Prayers for the Journey

Beautiful prayers this week on Light for the Journey. Thank you to Bonnie Harr and John Birch
Praying with daylilies

You have sown
fertile seed
into our hearts,
Good Gardener,
and we, willingly,
or by neglect
allowed weeds to grow
and spoil the beauty
of this small corner
of your garden.
Keep our hearts free
of that which hides
your love, we pray
and prune away
all that hinders,
that others might see
your beauty

Lord Jesus Christ may we never forget
the wonder of your love.
It is new every morning,
Embracing every moment,
Encompassing every person.
Your love never gives up.
It is always forgiving,
Always caring,
Always reaching out.
May we see and give thanks

Christine Sine

Lord Thank you for your grace

Lord may we rest in your presence,
Trusting in your love,
Embracing your purposes.
Lord may we follow your unconventional ways,
Hungering for justice,
Thirsting for righteousness,
Abounding with compassion.
lord may we live as neighbours,
helping the stranger,
restoring the marginalized,
Belonging to your community of love.

Christine Sine

You have clothed this world in beauty,
from morning mist dissolving into summer day
to the splendid isolation of a mountain peak;
from flowers of the field in all their radiant hues
to butterfly emerging from chrysalis, all speak
of the artist’s vision and creativity,
the loving brushstrokes with which you paint.
And if you should take such care with these,
who are we to doubt the value that you place
on those whose hearts contain the maker’s mark?
We shall not worry what tomorrow brings,
for even in sorrow you bring us joy
and we shall praise you for all good things!


God guide us,
Through the wonder of your love.
Through the gentleness of your compassion.
Through the righteousness of your justice.

Christine Sine

God help us to see as you see,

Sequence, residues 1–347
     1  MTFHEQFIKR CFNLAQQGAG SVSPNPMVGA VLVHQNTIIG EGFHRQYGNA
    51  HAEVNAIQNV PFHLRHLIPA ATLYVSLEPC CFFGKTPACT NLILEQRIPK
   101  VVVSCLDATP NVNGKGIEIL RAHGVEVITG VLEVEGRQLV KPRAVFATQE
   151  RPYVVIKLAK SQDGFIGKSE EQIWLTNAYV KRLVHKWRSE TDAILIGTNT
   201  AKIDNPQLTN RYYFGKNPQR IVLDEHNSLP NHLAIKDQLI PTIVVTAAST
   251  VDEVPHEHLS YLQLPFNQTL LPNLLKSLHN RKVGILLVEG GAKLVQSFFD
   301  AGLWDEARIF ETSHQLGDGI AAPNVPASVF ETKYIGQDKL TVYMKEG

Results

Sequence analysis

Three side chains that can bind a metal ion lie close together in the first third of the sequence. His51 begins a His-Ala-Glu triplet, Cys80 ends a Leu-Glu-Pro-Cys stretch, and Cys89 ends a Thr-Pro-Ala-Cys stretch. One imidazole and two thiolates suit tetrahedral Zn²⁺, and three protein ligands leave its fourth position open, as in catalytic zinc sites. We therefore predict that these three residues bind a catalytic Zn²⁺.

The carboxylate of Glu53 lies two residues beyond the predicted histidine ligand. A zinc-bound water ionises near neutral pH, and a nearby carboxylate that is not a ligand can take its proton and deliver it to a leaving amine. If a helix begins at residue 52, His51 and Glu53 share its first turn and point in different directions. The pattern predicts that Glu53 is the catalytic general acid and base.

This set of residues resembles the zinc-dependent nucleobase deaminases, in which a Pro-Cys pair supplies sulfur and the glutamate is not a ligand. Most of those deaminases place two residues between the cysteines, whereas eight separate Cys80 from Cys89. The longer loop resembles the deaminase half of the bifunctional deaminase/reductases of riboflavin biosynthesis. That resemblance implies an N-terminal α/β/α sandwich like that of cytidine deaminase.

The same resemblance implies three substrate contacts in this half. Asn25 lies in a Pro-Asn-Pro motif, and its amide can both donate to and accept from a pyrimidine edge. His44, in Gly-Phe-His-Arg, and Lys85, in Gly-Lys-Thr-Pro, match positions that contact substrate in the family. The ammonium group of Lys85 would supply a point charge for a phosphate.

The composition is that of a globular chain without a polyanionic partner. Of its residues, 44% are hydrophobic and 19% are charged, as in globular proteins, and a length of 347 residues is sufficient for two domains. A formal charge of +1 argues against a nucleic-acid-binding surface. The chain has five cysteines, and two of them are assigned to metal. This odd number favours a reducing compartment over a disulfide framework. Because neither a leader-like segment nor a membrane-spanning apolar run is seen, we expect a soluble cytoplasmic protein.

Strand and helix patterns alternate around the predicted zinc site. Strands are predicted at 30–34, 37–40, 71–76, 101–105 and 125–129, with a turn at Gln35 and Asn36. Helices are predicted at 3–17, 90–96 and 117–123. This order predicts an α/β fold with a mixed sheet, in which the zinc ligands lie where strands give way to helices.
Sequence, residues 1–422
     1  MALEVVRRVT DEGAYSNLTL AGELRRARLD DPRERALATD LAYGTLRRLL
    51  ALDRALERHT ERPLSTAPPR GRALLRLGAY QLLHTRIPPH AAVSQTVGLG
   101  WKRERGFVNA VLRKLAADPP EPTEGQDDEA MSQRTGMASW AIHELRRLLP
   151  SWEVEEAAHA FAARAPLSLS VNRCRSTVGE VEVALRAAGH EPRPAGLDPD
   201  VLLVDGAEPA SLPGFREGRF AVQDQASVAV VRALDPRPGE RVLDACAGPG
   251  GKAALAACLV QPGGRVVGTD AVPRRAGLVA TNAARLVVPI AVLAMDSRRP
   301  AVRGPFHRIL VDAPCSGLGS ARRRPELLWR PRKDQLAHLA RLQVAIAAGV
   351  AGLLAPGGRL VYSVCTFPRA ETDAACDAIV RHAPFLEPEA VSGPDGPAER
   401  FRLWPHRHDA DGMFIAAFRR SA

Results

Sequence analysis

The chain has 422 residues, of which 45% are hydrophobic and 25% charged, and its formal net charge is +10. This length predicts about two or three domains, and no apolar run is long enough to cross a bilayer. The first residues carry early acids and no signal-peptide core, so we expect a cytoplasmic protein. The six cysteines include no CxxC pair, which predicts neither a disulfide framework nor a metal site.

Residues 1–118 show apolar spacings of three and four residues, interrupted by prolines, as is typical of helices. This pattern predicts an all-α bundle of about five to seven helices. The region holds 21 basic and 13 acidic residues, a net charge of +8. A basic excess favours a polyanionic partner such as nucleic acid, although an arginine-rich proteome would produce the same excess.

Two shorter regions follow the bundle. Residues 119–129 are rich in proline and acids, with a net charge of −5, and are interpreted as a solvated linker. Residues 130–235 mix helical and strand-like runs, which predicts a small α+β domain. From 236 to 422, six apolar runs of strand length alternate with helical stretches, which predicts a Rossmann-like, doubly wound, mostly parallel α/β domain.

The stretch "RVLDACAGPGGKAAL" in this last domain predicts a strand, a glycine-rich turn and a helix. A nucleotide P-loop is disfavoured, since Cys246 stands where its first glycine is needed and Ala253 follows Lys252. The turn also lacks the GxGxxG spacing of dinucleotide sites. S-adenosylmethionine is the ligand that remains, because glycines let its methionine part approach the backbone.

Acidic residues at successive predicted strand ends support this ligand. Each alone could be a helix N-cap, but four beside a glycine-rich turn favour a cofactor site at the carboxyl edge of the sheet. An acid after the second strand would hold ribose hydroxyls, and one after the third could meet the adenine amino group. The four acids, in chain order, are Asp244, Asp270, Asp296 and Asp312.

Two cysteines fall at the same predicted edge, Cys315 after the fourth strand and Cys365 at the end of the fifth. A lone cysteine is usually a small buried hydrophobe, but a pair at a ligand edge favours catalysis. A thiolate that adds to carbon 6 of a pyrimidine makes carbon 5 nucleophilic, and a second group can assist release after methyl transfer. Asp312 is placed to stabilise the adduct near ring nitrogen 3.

Beauty in the midst of brokenness,
Love in the midst of war,
Promises in the midst of despair.
God help us to hear as you hear,
Cries for help from those in need,
Calls for justice where there is oppression,
Voices of hope that bring us life.
God help us to think as you do,
To believe you can transform
All that is broken into wholeness.

Christine Sine

God send your spirit upon us,
Give us a great love for all,
Make us more compassionate to the sick,
More generous to the needy,
More zealous to follow you.
Give us strength and courage
To follow you in all we do,

Christine Sine

Scientists look at the world
I arise to day
Through God’s strength to pilot me :
God’s might to uphold me,
God’s wisdom to guide me,
God’s eye to look before me,
God’s ear to hear me,
God’s word to speak for me,
God’s hand to guard me,
God’s way to lie before me,
God’s shield to protect me,
God’s host to save me
From snares of devils.
From temptations of vices,
From every one who shall wish me ill,
Afar and anear.
Alone and in a multitude.

(from Selections from Ancient Irish Poetry, Meyer, Kuno, 1858-1919)

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A Prayer for My Children #3 by Kimberlee Ireton Conway

A Prayer for My Children (part three)
Today’s post is by Kimberlee Conway Ireton, author of The Circle of Seasons: Meeting God in the Church Year. This is the last of a three-part prayer for our children, adapted from an Orthodox akathist to Mary the Mother of God. If you missed or would like to reread the first two parts of the prayer, you can find them here:

Part One
Part Two


A Prayer for My Children

Prelude 9

Fill the souls and hearts of my children with all good—and You alone are good, O God. Drive away from them the evil spirit of atheism. Give to each of them all that they need of Your infinite compassion. I cry to You: Alleluia.

Song 9

Deliver my children from teachers and leaders who speak lies about Your all-powerful intercession, O Christ. Look upon me as I faithfully sing:

Raise my children to love You with all their hearts and minds.
Raise my children to love You with their whole soul and strength.
Raise my children to open their lips only in praise and glory to You.
Raise my children in watchful and continual prayer.
Raise my children (names), O Christ, to be made worthy of the Kingdom of Heaven and make them heirs of eternal blessings.

Prelude 10

Desiring to save the world, O Christ, You came from heaven to call, not the righteous, but sinners to repentance. I pray that, having been saved through You, my children may call to God: Alleluia.

Song 10

Surround my children with indestructible walls, O God, that under Your blessed protection, they may accomplish a multitude of good deeds. I cry to You:

Raise my children to be leaders in doing Your will.
Raise my children to hate sin and all transgression.
Raise my children to love good and all virtue.
Raise my children in blameless purity.
Raise my children to ascend the ladder of their lives every day.
Raise my children to turn their eyes to Your compassion in the midst of sorrows.
Raise my children to serve You in obedience and purity of heart.